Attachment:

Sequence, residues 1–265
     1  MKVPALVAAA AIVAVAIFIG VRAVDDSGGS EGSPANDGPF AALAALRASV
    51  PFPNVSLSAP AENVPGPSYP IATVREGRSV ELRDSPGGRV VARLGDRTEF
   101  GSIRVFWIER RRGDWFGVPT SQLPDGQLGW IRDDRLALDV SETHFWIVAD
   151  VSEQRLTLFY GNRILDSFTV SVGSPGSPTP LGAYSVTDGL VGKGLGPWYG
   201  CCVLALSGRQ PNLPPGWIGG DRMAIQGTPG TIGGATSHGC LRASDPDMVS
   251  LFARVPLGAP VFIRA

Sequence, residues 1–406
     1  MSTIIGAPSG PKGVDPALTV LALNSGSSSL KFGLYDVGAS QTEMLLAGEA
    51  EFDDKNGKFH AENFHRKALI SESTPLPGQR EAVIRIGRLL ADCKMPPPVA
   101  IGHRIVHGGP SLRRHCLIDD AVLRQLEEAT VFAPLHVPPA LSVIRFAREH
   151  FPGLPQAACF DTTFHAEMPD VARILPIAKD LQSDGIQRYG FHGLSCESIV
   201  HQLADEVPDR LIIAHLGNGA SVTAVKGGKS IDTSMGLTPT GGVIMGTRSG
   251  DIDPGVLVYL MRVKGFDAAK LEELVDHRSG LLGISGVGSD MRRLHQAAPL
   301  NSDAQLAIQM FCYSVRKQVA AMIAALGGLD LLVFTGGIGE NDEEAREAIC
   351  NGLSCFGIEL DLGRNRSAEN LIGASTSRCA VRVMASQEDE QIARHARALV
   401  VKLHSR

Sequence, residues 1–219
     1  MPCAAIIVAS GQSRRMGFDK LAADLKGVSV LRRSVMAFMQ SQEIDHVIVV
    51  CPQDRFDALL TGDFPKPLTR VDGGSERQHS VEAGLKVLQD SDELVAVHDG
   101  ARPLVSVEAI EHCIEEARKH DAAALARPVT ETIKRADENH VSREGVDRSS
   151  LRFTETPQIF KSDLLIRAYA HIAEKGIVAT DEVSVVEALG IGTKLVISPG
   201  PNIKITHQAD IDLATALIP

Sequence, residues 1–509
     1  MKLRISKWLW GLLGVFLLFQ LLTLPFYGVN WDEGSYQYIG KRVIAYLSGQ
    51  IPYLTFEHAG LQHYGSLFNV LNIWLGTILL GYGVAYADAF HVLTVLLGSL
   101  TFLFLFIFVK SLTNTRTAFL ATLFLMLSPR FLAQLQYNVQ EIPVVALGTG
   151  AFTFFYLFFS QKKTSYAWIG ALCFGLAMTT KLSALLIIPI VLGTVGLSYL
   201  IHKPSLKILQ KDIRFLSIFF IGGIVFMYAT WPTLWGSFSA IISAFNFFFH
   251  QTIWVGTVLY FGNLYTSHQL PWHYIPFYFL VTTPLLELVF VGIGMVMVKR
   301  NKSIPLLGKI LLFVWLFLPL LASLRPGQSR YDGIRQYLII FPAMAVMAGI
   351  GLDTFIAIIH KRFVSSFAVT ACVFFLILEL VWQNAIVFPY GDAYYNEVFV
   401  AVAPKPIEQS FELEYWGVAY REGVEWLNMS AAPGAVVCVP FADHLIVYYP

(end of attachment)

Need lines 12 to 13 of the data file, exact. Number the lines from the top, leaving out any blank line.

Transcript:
   151  FPGLPQAACF DTTFHAEMPD VARILPIAKD LQSDGIQRYG FHGLSCESIV
   201  HQLADEVPDR LIIAHLGNGA SVTAVKGGKS IDTSMGLTPT GGVIMGTRSG